Warren Twp. board: Students must leave for new school

  • Warren sophomore Nikhil Patel asks the District 121 school board on Tuesday not to force him and four classmates to attend another school.

      Warren sophomore Nikhil Patel asks the District 121 school board on Tuesday not to force him and four classmates to attend another school. Bob Susnjara | Staff Photographer

  • Gurnee-based Warren Township High School District 121 board members Tuesday rejected requests from five students who want to continue their education there, despite their homes shifting into the boundary of Libertyville-Vernon Hills Area High School District 128. Liz Biondi, far left, was the only board member who voted to let the students remain.

      Gurnee-based Warren Township High School District 121 board members Tuesday rejected requests from five students who want to continue their education there, despite their homes shifting into the boundary of Libertyville-Vernon Hills Area High School District 128. Liz Biondi, far left, was the only board member who voted to let the students remain. Bob Susnjara | Staff Photographer

 
 
Updated 4/30/2015 10:54 AM

Citing concern about setting a precedent, a Warren Township High School board majority says five students whose homes no longer are within district boundaries must continue their educations elsewhere after this year.

Nikhil Patel, a sophomore who lives in the Lancaster subdivision in southern Waukegan, asked board members Tuesday night to allow him and the other students from his neighborhood to remain at the high school next year.

                                                                                                                                                                                                                       
 

Patel said he has been an involved, straight-A student at Warren and wants to graduate from the school where he started.

"If the board really does care about its students, then let us stay at Warren," he said.

But a majority of the board agreed Patel and the four juniors must move on to Libertyville-Vernon Hills Area High School District 128.

The move is the result of an Illinois appellate court ruling last year upholding a trial judge's decision removing the Lancaster homes from Warren and Gurnee-based Woodland Elementary District 50, and placing them in District 128 and Oak Grove Elementary District 68.

Warren school board President John Anderson said current policy doesn't permit out-of-district students. While state law allows a district to charge tuition for students from outside its boundaries, Warren has declined to alter its policy to include such a provision.

"It's worked for us for a long time," Anderson said of the current policy. "And once you start making exceptions, then the exceptions never stop. 'What about me? What about me? I don't like this area. I don't like this area.' It's a very, very slippery slope."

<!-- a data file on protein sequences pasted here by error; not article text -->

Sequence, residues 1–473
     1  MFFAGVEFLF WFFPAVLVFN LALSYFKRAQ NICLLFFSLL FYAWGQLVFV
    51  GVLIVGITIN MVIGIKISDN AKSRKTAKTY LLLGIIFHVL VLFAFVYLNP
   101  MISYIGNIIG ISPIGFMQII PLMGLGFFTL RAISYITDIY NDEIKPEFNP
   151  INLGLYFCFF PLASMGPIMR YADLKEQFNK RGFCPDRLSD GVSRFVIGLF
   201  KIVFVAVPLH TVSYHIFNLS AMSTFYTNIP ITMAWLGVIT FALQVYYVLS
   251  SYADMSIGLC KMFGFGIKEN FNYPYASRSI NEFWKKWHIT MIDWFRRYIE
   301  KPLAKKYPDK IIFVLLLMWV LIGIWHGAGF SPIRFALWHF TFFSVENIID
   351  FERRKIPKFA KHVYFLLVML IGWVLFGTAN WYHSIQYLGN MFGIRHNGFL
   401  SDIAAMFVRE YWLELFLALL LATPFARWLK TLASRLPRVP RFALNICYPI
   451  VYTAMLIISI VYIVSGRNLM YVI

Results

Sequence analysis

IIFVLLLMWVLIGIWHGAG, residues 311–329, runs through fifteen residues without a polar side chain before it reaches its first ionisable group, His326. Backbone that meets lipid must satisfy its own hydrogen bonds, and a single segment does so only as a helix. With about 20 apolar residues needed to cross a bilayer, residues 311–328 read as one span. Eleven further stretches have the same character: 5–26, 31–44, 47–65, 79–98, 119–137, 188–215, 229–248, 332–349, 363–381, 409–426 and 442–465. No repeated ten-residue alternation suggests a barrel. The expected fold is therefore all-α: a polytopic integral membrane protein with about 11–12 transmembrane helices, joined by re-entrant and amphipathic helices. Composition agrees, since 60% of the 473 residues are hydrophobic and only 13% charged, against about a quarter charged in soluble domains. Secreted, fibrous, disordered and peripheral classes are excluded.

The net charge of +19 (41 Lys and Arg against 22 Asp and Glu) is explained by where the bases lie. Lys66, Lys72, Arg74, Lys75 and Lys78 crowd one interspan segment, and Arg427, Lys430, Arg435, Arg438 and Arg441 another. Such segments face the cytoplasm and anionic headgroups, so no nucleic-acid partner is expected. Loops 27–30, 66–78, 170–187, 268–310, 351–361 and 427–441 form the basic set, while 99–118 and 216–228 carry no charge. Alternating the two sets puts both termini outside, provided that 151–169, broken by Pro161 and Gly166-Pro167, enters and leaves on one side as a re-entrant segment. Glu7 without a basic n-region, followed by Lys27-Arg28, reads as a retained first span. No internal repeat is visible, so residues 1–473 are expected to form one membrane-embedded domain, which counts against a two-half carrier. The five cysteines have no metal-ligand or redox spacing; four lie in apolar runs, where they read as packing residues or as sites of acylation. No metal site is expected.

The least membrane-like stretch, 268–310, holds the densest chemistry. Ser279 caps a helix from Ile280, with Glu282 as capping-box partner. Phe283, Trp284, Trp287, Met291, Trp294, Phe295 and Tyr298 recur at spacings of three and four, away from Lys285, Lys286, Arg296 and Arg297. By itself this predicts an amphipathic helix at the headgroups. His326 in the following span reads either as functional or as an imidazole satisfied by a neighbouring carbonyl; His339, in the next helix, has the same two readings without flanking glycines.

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Liz Biondi was the lone Warren board member who pushed for the Lancaster students to stay in the district.

"I'm asking if we can consider changing our board policy to allow the five students who started here. ... (Some) will be seniors next year and they want to stay here and graduate," Biondi said.

In 2012, a petition was filed with the Lake County Regional Office of Education to have the Lancaster neighborhood and surrounding area -- about 63 acres between the Tri-State Tollway and O'Plaine Road -- disconnected from Warren and Woodland. As part of the petition, the property owners, who have a Libertyville mailing address, asked to be annexed into districts 68 and 128.

All four school districts opposed the boundary change initiated by 130 of 150 registered voters from the subdivision who signed the petition. Residents didn't question the education at Warren and Woodland but in part cited less travel time and an ability for the Lancaster students to attend school with their nearby friends in districts 128 and 68.

Regional office of education board members rejected the petition, which also was the case when a similar effort was made in 2008. But the Lancaster residents succeeded in getting that decision overturned in Lake County circuit court. The 2013 circuit court ruling was unsuccessfully appealed by the four school districts.

Patel, who made a similarly unsuccessful plea to stay in March, acknowledged his parents signed the petition for the shift. He said they did so when he was in seventh grade and could not have foreseen the case lasting until he was two years into high school.

"My parents, as well as any other reasonable person, would agree switching high schools has many negative effects, something they did not want for me," he said.

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